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Europe must think twice about penalising companies that import e-bikes from abroad

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Author: Zag Industry Expert Caroline Seton

Piles of broken, abandoned shared bikes were a frequent sight during the first wave of the shared transport industry scaring city officials. It was a short five years ago but in the micromobility industry, where time runs fast, it’s an eternity.  

As second generation micromobility companies, like Forest, grow and consolidate positive partnerships with cities, the landscape looks very different; Collaboration and agreements with strict service levels govern the licence to operate and are delivering excellent outcomes for cities. 

Outcomes have also been dramatically improved by investment in technology and software. Operators have been able to leverage these upgrades to assert greater control and influence over rider behaviours – be it an ability to enforce responsible parking or conduct pre-ride safety checks. 

Bike hardware is another important aspect. We have worked with our manufacturer and supply-chain to share data and insight into how the bike performs in the field, leading to operator-specific and market-specific innovations and upgrades. Hardware is the biggest cost for operators and investment in the most up to date technology is crucial to success. 

Most hardware is typically manufactured in China and imported to the UK and Europe. With the EU clocking onto this, there is a raft of potential tariffs and anti-subsidy investigations that could be introduced compromising an operator’s ability to offer bikes to cities that benefit from the latest technology. 

New battery regulations will begin to come into force from 2025 and there is an ongoing belief that the EU will impose more and more limitations on foreign imports where they feel the country of origin is allowing unfairly cheap exports. It’s a highly political issue with many countries, trade bodies and organisations feeling that it’s hugely important for the EU to grow its own, native “green industrial strategy”.  

And it’s not just in the micromobility space that China dominates but across all electric vehicles there is an increasing demand for Chinese made products with The Financial Times recently reporting that a quarter of EVs due to be sold in Europe this year will be made in China. The reason for this, as you would expect, is predominantly due to lower costs of production as well as a high concentration of manufacturers with the technological know-how and expertise to execute cost-efficiently. Labour pressures are also less intense. In turn, at Forest, we are fortunate enough to have a close collaborative relationship with our suppliers in China to create innovative new parts and improve our overall product offer. Alongside this, we act as a critical friend, placing pressure where appropriate to improve operational resilience and their own carbon footprint – particularly important as we remain committed to reducing and offsetting our scope 1, 2 and 3 emissions.

It is important to note, however, that cities globally have really benefited from over a decade of lessons learned from China’s first generation of micromobility hardware. Their technological know-how, extensive labour force and rapid means of production allow operators to provide a high quality product for customers at scale to meet growing demand and help cities achieve their sustainability and active travel goals. We should reduce our reliance on China’s supply chain, but we are not quite there yet.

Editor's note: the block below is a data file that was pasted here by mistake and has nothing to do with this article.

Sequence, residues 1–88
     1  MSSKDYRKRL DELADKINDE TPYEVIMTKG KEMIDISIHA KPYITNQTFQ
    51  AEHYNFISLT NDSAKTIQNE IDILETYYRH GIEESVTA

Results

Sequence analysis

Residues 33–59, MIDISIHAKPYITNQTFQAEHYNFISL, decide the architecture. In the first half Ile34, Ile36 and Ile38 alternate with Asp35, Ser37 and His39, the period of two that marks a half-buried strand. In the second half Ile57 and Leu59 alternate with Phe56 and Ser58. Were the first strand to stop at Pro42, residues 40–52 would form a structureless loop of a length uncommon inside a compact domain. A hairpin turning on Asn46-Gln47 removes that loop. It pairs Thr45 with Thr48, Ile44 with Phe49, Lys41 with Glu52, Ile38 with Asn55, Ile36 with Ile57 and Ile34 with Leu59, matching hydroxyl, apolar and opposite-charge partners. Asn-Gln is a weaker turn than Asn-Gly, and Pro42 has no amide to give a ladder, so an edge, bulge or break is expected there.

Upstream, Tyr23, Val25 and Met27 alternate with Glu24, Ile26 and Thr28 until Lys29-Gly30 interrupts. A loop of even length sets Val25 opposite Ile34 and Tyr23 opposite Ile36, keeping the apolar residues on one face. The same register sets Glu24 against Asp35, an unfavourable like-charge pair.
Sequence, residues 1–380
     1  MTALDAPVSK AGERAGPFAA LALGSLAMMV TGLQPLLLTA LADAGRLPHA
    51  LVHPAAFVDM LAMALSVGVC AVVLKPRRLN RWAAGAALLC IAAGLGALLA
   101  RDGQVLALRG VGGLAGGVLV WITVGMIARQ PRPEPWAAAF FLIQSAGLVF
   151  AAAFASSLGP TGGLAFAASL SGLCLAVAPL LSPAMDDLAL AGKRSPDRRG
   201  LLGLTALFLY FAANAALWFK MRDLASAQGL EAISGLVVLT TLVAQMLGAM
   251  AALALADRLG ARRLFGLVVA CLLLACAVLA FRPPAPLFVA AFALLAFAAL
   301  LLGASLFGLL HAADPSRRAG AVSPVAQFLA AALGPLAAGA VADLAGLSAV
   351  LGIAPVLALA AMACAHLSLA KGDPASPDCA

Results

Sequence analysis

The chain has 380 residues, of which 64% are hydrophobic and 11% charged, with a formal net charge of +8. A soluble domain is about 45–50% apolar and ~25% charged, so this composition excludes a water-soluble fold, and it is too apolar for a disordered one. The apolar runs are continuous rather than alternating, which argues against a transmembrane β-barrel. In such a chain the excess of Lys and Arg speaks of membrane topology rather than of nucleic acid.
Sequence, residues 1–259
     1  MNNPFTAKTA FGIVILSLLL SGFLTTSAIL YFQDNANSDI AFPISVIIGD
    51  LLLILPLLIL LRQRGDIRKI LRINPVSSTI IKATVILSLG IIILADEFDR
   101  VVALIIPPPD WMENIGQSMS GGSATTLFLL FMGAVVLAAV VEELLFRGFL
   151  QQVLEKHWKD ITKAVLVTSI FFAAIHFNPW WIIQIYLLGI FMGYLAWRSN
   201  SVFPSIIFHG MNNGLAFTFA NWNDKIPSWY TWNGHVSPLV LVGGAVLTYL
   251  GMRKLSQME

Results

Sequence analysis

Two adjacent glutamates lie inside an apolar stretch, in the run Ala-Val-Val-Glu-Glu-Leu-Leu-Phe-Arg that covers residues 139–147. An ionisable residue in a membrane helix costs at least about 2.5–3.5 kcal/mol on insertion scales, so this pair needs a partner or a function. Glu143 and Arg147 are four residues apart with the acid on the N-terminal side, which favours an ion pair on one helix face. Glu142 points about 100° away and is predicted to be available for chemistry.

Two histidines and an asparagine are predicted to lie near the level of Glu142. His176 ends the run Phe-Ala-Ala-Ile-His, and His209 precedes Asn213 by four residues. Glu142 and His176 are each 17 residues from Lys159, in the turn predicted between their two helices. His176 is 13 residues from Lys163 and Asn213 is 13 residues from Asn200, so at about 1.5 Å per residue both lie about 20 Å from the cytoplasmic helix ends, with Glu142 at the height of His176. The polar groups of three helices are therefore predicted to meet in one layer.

So where does that leave Forest? We are becoming less and less reliant on our manufacturer as we invest in extending the lifespan of the bikes and parts. Where hardware previously lasted a measly three months before being end-of-life-d, we’re seeing Forest bikes three years after launch still healthy on the roads. This is in part due to the care we give them, as well as the most durable design and build process. 

The refurbishment project, launched in 2023, to explore our internal ability to recycle, refurbish, reuse and redesign spare parts of our hardware has reduced our spare part usage by 50% in 12 months. 

Led by three in-house engineers, we analysed data for all the parts of the bike. We found on average that we were able to reuse 60% of the bike parts. After a few months of focussing and training teams in deeper refurbishment techniques, we increased this figure to 71% of the bikes parts (more detail can be found here in our most recent Sustainability Report). We aim to increase this to 73% at least by October 2024. 

Whilst this might seem like a drop in the ocean when we look at the bigger picture of, not only the entire Forest e-bike fleet being sourced from China, but the wider EV space, it is symptomatic of a larger shift we believe could spell a great opportunity. 

However, as a business it is important to plan for a wide range of scenarios in regards to our supply-chain, particularly as we look at European, US and other economies attempting to galvanise their own manufacturing sectors. What happens if local import costs increase, EU battery regulations make the price of the assets rise and local governments offer tangible support to the “green industry”? Might we see the rise of more local manufacturers of shared or private e-bikes and, if so, who will lead the charge? With shared e-bike operators already making progress on engineering their own spare parts and refurbishing old ones, could there be a space for an operator to launch their own manufacturing arm of the company? It seems a stretch currently whilst margins are tight and interest rates remain high…but by the time the subsidies come in perhaps there will be space for some innovation and to be one of very, very few local micromobility manufacturers is a very appealing proposition.

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